By Colin MacGillivray
MEMBER for Euroa Steph Ryan has slammed the State Government for refusing to offer financial aid to small businesses and sole traders not registered to pay GST during Victoria’s recent COVID-19 lockdown.
The government announced a $250 million assistance package for businesses affected by the lockdown at the end of May, followed by a further $209 million when the lockdown was extended, but eligibility criteria stipulated businesses had to be registered to pay GST to receive payments.
Businesses are only required to pay GST if they earn more than $75,000 annually, meaning many small businesses and sole traders are not registered.
Ms Ryan said the decision had hurt some of the people struggling most during the pandemic.
“If you don’t make $75,000 a year, clearly you’re not on the gravy train,” she said.
“Why is the government refusing to pay support for small businesses that are at the smaller end of the scale? Those people still have families to feed and kids to send to school. They are still paying taxes and contributing to the economy.”
Ms Ryan said the government had failed to justify why businesses not registered for the GST were excluded.
“We asked the government about it in Parliament, and [Acting Premier] James Merlino’s response was that the government can’t assess whether businesses are valid or not if they’re not registered for GST. I don’t think that’s a good enough reason,” she said.
“There are lots of ways you can determine whether a business is active and operating. Someone can show you their bank statements.
“It’s not good enough to say you have to be registered for the GST for the government to determine whether you exist as a business or not.”
Broadford accountant Scott McDougall said he had dealt with several businesses that had discovered they were ineligible for assistance.
“Many of my clients have had to close their business over the lockdown and have not received any other forms of income or compensation to cover the losses they have incurred,” he said.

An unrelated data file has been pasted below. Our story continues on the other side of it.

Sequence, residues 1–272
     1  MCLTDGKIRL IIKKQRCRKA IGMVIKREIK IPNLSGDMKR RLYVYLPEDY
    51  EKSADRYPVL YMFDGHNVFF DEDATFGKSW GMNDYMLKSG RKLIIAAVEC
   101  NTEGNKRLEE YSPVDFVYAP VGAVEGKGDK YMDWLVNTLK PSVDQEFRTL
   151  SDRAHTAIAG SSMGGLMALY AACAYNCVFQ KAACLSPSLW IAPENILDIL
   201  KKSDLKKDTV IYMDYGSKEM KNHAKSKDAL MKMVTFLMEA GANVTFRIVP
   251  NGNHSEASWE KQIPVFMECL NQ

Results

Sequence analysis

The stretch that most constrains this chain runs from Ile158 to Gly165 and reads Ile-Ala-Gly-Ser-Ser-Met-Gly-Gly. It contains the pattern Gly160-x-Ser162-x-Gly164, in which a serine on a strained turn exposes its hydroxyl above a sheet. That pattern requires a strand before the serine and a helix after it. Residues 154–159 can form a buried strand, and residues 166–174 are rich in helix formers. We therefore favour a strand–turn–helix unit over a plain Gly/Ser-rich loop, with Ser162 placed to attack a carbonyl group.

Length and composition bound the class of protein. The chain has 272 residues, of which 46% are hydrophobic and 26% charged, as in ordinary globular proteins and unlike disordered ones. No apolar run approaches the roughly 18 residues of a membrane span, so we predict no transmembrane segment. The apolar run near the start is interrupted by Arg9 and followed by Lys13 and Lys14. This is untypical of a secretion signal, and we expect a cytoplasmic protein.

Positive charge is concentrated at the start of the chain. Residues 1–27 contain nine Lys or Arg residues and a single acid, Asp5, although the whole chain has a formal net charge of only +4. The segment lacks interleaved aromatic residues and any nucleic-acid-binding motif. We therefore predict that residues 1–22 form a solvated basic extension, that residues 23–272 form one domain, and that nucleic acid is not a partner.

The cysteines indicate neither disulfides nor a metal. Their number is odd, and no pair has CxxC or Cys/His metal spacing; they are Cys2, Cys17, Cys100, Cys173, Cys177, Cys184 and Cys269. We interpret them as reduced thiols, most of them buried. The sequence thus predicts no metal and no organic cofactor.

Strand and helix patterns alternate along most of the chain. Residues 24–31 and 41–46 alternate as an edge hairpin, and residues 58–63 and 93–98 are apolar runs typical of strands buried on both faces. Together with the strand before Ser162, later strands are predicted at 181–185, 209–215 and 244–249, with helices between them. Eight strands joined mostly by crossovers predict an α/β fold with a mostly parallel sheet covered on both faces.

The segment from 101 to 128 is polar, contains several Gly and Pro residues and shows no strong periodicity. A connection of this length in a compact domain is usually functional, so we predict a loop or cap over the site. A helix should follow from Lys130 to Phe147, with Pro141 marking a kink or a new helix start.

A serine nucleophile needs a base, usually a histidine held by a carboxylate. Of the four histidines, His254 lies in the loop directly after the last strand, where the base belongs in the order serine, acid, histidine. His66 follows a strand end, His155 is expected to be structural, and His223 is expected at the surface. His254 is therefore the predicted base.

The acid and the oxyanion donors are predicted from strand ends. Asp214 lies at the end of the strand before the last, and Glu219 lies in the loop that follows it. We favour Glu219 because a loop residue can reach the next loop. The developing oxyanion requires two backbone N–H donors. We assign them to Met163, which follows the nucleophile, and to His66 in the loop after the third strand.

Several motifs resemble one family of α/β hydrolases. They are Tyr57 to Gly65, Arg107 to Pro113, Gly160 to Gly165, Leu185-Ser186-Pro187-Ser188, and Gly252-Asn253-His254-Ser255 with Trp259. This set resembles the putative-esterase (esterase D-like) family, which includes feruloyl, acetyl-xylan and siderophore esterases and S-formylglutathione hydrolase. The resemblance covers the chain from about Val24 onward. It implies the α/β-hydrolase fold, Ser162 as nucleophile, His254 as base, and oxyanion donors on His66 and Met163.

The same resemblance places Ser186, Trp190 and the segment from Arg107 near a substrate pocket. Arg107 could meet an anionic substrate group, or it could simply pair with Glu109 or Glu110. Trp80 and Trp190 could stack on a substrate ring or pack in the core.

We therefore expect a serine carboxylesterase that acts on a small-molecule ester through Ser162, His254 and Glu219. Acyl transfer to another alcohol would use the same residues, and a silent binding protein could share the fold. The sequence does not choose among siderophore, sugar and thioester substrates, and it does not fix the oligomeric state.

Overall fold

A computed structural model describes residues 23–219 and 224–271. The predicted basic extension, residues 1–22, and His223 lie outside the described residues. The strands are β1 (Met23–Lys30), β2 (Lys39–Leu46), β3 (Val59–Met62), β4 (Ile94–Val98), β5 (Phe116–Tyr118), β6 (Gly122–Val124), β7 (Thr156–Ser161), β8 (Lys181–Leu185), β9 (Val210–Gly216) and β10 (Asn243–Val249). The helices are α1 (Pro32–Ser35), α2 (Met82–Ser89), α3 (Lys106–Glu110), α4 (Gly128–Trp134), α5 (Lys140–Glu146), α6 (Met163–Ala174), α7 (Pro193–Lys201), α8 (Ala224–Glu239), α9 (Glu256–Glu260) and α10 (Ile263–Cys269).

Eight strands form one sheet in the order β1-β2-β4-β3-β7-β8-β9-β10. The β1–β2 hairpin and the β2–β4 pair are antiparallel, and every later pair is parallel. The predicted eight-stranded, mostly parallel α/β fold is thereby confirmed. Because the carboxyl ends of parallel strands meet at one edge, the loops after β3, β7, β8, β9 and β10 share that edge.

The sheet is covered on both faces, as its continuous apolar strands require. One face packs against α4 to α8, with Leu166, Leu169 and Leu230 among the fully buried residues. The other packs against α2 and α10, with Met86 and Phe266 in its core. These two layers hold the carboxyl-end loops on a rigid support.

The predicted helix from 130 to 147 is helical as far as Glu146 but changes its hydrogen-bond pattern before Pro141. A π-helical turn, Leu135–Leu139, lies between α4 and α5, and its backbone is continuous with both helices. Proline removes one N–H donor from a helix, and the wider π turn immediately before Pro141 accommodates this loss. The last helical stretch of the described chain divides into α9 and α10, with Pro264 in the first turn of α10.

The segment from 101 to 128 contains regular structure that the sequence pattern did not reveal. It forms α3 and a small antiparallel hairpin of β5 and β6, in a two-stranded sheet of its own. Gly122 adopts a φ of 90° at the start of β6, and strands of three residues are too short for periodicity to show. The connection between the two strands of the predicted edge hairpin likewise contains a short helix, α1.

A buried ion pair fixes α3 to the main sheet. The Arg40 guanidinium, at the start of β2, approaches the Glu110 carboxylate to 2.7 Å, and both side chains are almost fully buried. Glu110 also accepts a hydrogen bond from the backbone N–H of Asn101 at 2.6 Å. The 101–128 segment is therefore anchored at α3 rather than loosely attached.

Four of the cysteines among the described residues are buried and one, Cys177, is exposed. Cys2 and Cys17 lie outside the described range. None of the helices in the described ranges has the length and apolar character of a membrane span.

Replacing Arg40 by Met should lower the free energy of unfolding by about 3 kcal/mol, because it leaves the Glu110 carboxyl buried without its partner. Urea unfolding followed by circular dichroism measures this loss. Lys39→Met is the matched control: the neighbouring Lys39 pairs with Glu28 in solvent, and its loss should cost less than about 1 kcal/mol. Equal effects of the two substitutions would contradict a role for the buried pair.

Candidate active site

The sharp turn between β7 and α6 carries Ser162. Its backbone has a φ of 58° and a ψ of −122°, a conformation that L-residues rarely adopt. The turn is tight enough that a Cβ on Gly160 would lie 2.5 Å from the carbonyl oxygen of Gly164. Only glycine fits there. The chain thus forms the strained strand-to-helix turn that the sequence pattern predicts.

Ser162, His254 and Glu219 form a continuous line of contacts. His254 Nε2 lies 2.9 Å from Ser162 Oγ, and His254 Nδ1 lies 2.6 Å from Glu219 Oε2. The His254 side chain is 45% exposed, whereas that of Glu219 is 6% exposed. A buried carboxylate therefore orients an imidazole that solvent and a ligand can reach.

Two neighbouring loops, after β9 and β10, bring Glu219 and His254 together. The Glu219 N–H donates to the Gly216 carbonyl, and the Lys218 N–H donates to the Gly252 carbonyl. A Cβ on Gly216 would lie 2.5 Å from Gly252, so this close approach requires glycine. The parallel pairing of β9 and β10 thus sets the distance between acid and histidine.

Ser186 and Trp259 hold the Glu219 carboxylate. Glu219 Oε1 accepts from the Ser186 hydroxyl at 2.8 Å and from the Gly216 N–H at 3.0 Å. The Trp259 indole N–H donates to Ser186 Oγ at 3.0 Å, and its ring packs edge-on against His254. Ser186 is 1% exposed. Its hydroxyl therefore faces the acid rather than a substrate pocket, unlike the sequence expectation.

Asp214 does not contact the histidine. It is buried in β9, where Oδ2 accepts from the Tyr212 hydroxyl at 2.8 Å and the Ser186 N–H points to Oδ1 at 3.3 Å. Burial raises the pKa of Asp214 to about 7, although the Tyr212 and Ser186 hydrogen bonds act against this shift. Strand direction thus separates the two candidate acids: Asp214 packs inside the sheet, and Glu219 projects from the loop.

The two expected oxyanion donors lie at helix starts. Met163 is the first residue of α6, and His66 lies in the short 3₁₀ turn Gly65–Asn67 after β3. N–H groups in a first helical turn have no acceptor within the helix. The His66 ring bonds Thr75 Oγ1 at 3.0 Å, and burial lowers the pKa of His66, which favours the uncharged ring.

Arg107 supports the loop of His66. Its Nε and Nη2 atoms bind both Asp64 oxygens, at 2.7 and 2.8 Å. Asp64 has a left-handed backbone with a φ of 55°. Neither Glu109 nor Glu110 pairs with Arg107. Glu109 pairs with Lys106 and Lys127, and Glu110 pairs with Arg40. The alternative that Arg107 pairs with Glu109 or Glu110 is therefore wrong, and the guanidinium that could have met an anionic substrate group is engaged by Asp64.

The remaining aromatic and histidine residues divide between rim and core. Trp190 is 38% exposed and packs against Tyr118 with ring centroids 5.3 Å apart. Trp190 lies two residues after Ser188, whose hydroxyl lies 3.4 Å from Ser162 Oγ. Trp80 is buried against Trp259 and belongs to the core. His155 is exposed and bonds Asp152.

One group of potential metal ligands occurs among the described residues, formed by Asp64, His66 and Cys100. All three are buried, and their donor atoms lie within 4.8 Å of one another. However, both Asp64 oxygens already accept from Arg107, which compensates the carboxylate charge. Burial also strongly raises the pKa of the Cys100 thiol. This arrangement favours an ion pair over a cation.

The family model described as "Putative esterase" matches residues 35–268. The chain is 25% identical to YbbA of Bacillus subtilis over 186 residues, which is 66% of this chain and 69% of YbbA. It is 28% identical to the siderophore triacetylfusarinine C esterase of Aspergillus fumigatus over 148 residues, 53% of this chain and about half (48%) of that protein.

“I understand that there must be some restrictions in place for the process, however, some seem to be completely biased against sole traders.
“It doesn’t seem logical or fair that these people are victimised because of the amount of income that they earn from their ventures.”
Wandong mobile paintless dent removal technician Shawn Cody said he registered to receive government assistance but was told he was ineligible because his business industry code was not listed as eligible.
He said while other workers in his industry had been deemed essential and allowed to work throughout the lockdown, he had been prevented from doing so.
“Because I fall under the same code as a spray painter or a panel beater, they were essential and able to work, but I work on site. That means going to people’s homes, which was a no-go,” he said.
“I’m regional but I would say 85 per cent of my work is in the metro area, so I just couldn’t work.”
Mr Cody said he had received the now-discontinued federal JobKeeper payment during Victoria’s months-long 2020 lockdown, but now had no support from either the state or federal governments.
“I was eligible for JobKeeper last year, but now they’ve abolished that there’s no support. If we have another lockdown next week or the week after or in another few months, I’ll have no income again,” he said.
“There are plenty of other people who need the money more than I do, I just want to make a point that it should be fair for everyone.”
Ms Ryan said business support was the state’s responsibility, not the Federal Government.
“I never understood why the State Government wasn’t providing support to sole traders from the very start,” she said.
“The treasurer and Acting Premier very clearly stated two weeks ago that business support is the responsibility of the State Government.
“I think it was good that people got JobKeeper, but the State Government can’t just say that because the Federal Government funded them last time, it’s their responsibility again. They should have been providing assistance from the start.”